Stop the world: Ye’s in town.
The rapper formerly known as Kanye West staged a surprise show during Paris Fashion Week, gatecrashing the official schedule with a show for his Yeezy label — never mind that the timing clashed with displays by smaller brands who had been working toward the moment for six months.
“I am Ye,” he said in a speech introducing the collection. “And everybody here knows that I am the leader.”
While billed as season nine of Yeezy — or Yzy, as he spells it — the collection also marked a reset for West’s own label following his recent split from former partner Gap. “We’re starting our own house tonight,” Ye said, announcing his intention to take on LVMH Moët Hennessy Louis Vuitton, the world’s largest luxury group, and its owner. “Bernard Arnault is my new Drake,” he declared.
Arnault’s son Alexandre, as well as designers including John Galliano, Demna, Riccardo Tisci and Stefano Pilati turned out to see the show, held in a vacant building a stone’s throw from the Arc de Triomphe. Guests found three bars of gray soap on a rope on their seats.
Designed with Shayne Oliver, founder of Hood by Air, the lineup had a dystopian vibe similar to the recently launched Yeezy Gap Engineered by Balenciaga collection, and to the look that Ye wore to open the Balenciaga show the day before his own event. Call it dressing for the apocalypse.
To a live performance from a children’s choir from his Donda Academy, models stepped out in looks that were devoid of hardware and could be simply pulled on and off. They included bodysuits with face-covering hoods in shades of brushed concrete; a black quilted rain poncho, and a “Mad Max”-style crinkled gray dress with bulky shoulders.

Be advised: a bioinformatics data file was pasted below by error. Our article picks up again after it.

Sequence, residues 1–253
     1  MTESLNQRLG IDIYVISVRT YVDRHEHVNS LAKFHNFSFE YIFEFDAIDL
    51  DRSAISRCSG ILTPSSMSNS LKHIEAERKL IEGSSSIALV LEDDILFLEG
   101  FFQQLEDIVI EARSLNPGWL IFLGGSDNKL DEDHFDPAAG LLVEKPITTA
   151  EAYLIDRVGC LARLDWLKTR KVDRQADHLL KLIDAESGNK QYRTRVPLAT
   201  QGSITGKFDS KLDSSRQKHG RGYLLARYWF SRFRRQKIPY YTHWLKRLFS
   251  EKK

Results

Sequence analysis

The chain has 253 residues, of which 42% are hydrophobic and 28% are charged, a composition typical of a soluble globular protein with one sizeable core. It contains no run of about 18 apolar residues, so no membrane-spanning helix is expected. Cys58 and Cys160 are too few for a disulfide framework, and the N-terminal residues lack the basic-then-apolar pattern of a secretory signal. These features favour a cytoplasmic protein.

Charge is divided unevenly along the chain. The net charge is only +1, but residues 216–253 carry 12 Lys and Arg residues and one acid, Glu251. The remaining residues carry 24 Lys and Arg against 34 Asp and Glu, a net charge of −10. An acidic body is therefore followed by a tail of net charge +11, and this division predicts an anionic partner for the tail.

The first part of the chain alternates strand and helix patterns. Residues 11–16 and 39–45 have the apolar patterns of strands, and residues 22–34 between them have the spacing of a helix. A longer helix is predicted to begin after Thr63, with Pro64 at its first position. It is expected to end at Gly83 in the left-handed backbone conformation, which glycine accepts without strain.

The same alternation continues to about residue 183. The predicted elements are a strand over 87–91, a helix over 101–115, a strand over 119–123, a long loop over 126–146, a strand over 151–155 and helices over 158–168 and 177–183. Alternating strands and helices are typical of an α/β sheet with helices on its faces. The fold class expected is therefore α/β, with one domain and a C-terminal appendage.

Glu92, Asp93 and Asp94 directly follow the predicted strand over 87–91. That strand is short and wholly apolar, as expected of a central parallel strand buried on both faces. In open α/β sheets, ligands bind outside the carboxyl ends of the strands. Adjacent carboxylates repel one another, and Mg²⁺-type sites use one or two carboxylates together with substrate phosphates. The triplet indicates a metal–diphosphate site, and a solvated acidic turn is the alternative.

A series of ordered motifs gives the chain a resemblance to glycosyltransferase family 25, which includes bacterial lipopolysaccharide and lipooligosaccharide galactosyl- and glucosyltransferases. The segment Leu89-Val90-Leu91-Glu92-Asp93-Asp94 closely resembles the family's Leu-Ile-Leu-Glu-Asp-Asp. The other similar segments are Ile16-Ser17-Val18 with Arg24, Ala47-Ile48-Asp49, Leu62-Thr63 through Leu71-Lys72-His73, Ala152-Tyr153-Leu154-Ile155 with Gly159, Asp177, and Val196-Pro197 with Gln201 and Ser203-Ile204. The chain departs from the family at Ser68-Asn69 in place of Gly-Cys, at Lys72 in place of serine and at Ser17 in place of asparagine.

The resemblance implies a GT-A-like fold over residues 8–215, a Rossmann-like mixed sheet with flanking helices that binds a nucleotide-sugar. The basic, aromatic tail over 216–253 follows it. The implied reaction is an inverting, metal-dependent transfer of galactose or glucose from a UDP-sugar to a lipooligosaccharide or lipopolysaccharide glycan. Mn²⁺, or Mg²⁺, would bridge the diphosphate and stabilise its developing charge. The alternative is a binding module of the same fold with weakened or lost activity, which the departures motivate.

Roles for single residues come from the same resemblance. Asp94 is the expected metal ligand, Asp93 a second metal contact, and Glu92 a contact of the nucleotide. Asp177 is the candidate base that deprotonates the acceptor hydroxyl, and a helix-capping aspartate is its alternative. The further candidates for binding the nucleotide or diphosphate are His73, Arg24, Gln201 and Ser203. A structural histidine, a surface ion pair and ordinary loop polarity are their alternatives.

Matthew Williams, creative director of Givenchy and longtime creative partner of Ye, showed off his tattoos in a black camisole vest and shorts. Michèle Lamy, the partner of Rick Owens and fairy godmother of the alternative Paris fashion scene, stepped out in wader boots and a bulbous black puffer top that seemed guaranteed to win in a showdown with Michelin Man.
Ye courted controversy with a top featuring an image of Pope John Paul II on the front and the slogan “White Lives Matter” on the back. Wearing a similar T-shirt himself, he declined to elaborate backstage after the show. “It says it all,” said the rapper, who has drawn criticism in the past for supporting President Donald Trump and describing slavery as a “choice.”
According to the Anti-Defamation League, “White Lives Matter” is a white supremacist phrase that originated in early 2015 as a racist response to the Black Lives Matter movement.
Its inclusion in the show was the latest in a pattern of erratic public behavior from the rapper. Recalling his hospitalization in 2016, when he was diagnosed with bipolar disorder, he said: “It’s the ultimate stigma. People feel like they have the right to come to my face and call me crazy, like it doesn’t hurt my feelings or, like, you don’t have to be crazy in order to change the world.”
While his unpredictable nature may make him a challenging partner for corporate giants, Ye knows he has the power to move the cultural needle. By returning to Paris, where he first mooted his own label, he signaled he’s ready to take Yeezy to the next level.
“Now sometimes a cut could be slightly off, a stitch could be slightly off, but we did change the look of fashion over the past 10 years. We are the streets,” he declared.